Giant Steps (1992)

  |  Drama

A boy with an abusive alcohol drinking father has the passion for Jazz music finds befriends a worn out depressive Jazz club musician.

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24 May 2006 | jazz_man1
| A fun and quirky little film with a wonderful hard-bop soundtrack
Giant Steps is a great independent Canadian film. Arvo Leak (played by the brilliant actor Michael Mahonen) is a young jazz-trumpet prodigy who fights conformity in his suburban home environment and finds salvation in the form of Slate Thompson (played by a sandpaper voiced and compelling Billy Dee Williams), a once great but declining jazz pianist who is searching for many of the same things that Arvo is also looking for. The interaction between these two actors is wonderful. There are moments of genuine emotion that even the biggest Hollywood budget couldn't buy. This film really hits home for all those who are stuck in the mire of contemporary culture and are searching out for something pure and honest, which can be found in what we know as modern jazz.

If you enjoy pop-philosophy, be-bop, great dialogue and compelling performances, this film is for you. I don't know Toronto well but I think it's a good indicator of what the city was like in the early 90's, back in the days when one could still smoke in a bar or a club. For Canadian politics buffs, if you look carefully in the scene where Arvo follows Slate outside the music shop you can see a poster of current New Democratic Party leader Jack Layton who presumably was running for Toronto City Council.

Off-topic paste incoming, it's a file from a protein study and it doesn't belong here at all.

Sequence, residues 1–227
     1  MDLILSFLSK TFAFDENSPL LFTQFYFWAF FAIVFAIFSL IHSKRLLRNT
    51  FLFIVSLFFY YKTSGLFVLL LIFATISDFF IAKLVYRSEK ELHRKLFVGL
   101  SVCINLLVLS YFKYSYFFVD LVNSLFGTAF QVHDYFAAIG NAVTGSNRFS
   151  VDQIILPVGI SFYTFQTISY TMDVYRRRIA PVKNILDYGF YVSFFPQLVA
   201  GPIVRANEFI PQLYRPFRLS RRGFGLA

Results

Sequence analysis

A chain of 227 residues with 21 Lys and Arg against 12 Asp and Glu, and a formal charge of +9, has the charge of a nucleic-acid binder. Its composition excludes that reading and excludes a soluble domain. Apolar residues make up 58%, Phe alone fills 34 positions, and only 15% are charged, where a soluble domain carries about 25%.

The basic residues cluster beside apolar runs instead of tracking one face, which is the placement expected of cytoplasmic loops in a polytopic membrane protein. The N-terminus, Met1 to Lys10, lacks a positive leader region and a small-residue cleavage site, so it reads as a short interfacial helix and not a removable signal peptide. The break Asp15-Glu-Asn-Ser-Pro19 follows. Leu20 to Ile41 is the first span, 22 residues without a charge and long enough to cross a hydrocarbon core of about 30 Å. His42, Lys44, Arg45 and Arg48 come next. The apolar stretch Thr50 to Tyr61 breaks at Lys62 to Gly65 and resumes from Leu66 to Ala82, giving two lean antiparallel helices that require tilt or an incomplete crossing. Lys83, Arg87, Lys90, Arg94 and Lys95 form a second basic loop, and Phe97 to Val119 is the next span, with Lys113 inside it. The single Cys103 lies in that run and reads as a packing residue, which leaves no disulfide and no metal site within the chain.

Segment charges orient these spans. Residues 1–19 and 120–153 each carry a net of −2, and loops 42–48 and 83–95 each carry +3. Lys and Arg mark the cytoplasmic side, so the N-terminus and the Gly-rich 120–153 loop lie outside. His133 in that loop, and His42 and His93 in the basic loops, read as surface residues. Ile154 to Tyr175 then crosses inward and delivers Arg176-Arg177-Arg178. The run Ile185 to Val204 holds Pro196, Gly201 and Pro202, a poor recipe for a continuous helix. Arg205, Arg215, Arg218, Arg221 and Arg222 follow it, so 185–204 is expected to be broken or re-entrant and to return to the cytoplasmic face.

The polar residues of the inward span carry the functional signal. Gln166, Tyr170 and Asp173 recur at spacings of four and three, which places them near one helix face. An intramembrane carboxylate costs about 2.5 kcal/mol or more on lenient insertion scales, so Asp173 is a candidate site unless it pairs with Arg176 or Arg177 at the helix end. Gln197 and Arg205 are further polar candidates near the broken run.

This really is a must see film for jazz buffs. Check out the tiny cameo by the legendary trumpeter Doc Cheatham, which is funny and moving all at the same time. Ranee Lee, the Canadian jazz singer, is also wonderful and brilliantly shows off her singing and acting chops.

Ted Dykstra, playing Graeme Gaines, is brilliant as an uncompromising but violent and ill-tempered jazz drummer. The writer and director Don McKeller also has a tiny cameo in this film, years before he hit it big. Nicu Branzea plays Arvo's father and is quite compelling as a bitter, alcoholic ex-musician who has been struck by the slings and arrows that life has thrown at him. But he and Arvo come to understand one another and the two actors achieve a wonderful synthesis. Robyn Stevan, as Arvo's friend Leslie, is funny, upbeat, and brings a down to earth sense to the film that stops it from becoming too pretentious.

I wish the soundtrack could be found for this film as some of the music really hits home. The great Canadian pianist Joe Sealey performed on some of the cuts. (Dig that version of Ornithology where Arvo is thrown in the deep end by Slate!) The music director, Eric Leeds, did an amazing job on this film.

This film is witty and moving, it has a lot of soul and a hell of a beat. It's what great film making and jazz should be all about.

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Plot Summary




Release Date:

September 1992



Country of Origin


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